INFORMATION TECHNOLOGY & APPLICATIONS CORPORATION, Plaintiff–Appellant, v. UNITED STATES, Defendant–Appellee, RS Information Systems, Inc., Defendant.
This case involves the distinction between “clarifications” and “discussions” under the 1997 revision to Subpart 15.3 of the Federal Acquisition Regulations. 48 C.F.R. §§ 15.300–08 (2002). Information Technology and Applications Corporation (“ITAC”) appeals the decision of the United States Court of Federal Claims denying its bid protest and granting the United States motion for summary judgment on the administrative record. Info. Tech. & Applications Corp. v. United States, 51 Fed.Cl. 340 (Fed.Cl.2001). Because we have determined that the Air Force's contacts with appellee RS Information Systems, Inc. (“RSIS”) were allowable requests for “clarification” of its proposal and did not constitute “discussions,” and because the appellant's other asserted grounds for reversing the decision of the Court of Federal Claims are without merit, we affirm.
On March 19, 2001, the Air Force issued Solicitation and Request for Proposals No. FA2550–01–R–0001 (“RFP”) to obtain a contract for professional services in support of its Space Warfare Center. The winning contractor was to examine, assess and develop means of integrating national intelligence assets with the Department of Defense space systems, in order to enhance combat and research and development capabilities at the Space Warfare Center. The Air Force intended to make an award to one lead contractor, which would perform overall program management and integration, operations support, systems engineering and analysis, and other work related to the Space Warfare Center. The term of performance was to be twelve months, beginning on October 1, 2001, with seven one-year options.
Under the RFP, the contract was to be awarded “to an offeror who gives the Government the greatest confidence that it will best meet [the] requirements affordably.” RFP at 81. In accordance with 10 U.S.C. § 2305(a)(2)(A) and 41 U.S.C. § 253a(b)(1), the RFP also disclosed “all the significant factors and significant subfactors” that the agency “reasonably expect[ed] to consider,” and their relative importance. 10 U.S.C. § 2305(a)(2)(A) (2000); 41 U.S.C. § 253a(b)(1) (2000); RFP at 81–85.
ITAC, RSIS and a third offeror submitted timely proposals in response to the RFP. All three proposals anticipated that some of the work would be performed by subcontractors. RSIS's proposal relied heavily on the role of its subcontractors, which were to perform at least 75% of the work on the contract.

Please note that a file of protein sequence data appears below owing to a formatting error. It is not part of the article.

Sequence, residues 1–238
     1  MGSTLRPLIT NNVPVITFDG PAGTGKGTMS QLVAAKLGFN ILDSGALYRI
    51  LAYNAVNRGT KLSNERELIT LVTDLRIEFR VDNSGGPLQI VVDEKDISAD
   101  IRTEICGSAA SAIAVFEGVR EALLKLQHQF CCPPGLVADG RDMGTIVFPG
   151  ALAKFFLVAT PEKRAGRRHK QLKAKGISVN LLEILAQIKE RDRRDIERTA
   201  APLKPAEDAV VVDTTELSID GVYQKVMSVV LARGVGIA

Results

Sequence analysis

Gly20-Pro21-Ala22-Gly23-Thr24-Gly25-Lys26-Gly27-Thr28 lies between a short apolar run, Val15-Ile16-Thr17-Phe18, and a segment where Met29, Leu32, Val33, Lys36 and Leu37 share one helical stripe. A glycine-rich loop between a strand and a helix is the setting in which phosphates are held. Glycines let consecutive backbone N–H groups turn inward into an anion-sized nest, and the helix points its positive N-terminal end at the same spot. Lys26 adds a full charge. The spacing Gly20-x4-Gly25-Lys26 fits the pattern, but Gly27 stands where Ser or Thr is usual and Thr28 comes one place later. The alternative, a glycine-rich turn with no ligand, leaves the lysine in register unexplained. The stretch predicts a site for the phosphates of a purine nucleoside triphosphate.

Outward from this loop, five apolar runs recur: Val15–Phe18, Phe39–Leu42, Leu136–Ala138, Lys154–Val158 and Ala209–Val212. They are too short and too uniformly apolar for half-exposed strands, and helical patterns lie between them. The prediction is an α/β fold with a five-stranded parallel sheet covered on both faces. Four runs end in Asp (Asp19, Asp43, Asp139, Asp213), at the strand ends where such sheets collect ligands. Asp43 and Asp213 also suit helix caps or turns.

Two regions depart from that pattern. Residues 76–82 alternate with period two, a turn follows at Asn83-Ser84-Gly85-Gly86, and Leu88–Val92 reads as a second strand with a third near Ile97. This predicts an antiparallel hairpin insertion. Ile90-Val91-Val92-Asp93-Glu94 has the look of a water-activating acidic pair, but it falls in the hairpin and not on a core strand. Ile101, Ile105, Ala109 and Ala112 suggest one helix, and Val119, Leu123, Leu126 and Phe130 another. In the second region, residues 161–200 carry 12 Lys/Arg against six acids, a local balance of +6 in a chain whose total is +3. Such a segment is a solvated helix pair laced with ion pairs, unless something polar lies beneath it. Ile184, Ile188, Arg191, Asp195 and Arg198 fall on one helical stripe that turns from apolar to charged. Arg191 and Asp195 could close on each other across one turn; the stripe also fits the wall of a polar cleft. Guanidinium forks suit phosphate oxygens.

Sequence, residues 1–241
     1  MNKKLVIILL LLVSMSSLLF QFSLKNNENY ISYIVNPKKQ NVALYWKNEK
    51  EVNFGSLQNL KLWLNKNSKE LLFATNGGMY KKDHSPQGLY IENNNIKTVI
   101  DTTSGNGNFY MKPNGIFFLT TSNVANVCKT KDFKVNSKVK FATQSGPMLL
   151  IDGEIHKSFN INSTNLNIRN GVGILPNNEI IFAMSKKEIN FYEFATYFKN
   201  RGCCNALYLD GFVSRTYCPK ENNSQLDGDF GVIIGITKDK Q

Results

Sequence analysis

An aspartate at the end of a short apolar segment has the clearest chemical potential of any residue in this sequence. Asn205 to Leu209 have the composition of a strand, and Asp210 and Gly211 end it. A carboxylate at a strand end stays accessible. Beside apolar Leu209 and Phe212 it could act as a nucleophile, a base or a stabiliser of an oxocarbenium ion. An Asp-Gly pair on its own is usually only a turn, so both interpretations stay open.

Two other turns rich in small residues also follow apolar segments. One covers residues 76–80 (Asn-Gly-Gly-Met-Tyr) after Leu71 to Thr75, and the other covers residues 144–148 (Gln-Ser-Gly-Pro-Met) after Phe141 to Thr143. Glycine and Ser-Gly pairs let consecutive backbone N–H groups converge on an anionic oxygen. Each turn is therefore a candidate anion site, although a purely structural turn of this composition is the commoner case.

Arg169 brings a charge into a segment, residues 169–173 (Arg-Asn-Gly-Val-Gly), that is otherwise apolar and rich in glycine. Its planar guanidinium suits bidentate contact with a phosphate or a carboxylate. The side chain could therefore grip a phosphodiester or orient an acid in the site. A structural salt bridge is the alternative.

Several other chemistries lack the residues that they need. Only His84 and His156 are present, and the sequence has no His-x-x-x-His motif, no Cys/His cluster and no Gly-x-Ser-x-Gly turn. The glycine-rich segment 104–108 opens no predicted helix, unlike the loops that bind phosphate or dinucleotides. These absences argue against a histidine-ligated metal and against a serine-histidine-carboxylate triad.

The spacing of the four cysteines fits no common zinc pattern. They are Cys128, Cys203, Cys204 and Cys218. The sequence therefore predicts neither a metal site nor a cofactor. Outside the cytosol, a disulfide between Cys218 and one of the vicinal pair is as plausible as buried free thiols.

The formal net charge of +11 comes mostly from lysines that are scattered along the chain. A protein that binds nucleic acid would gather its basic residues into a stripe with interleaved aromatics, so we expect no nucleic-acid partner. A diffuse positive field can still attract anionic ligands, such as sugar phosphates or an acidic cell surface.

The Air Force sent various “evaluation notices” (“ENs”) to all three offerors. These evaluation notices were brief letters to the offerors requesting additional information regarding their proposals. The Air Force sent three ENs to ITAC, five ENs to RSIS, and three ENs to the third offeror. At issue in this case are ENs Nos. 0001, 0002 and 0002a, which the Air Force sent to RSIS after the offerors had submitted “past performance” information, but before the due date for the other parts of the proposals. The ENs at issue sought “additional information ․ to verify relevant past performance for [the] lead and support roles” of at least ten subcontractors that RSIS listed in its proposal. EN No. 0002. The Air Force sent ENs to the other bidders requesting additional information on their subcontractors as well.1 The disputed ENs were labeled “FAR 15.306(a) Clarification [s]” and included the notice, “Please note that this clarification does not constitute oral discussions with the offeror.” EN 0002, referring to 48 C.F.R. § 15.306(a).
RSIS responded to the ENs on May 1, 2001, explaining which parts of the project each subcontractor would support and detailing the subcontractors' relevant experience with regard to those tasks. For example, in response to EN 0002, RSIS responded, “[subcontractor] Aerojet has developed and integrated the CTPP/ALERT and the JTAGS IR missile warning processing systems into the tactical missile warning C2 operational architecture, (Similarities to [contract] Requirements, V–57, and V–59).” (RSIS Response to Evaluation Notice.)
The Air Force gave both ITAC and RSIS an “overall exceptional rating” for their “past performance” experience. (Proposal Analysis Report for RFP # FA2550–01–R–0001, July 11, 2001). The Air Force determined that prior contracts of RSIS and its subcontractors were relevant to their ability to perform the Space Warfare Center contract.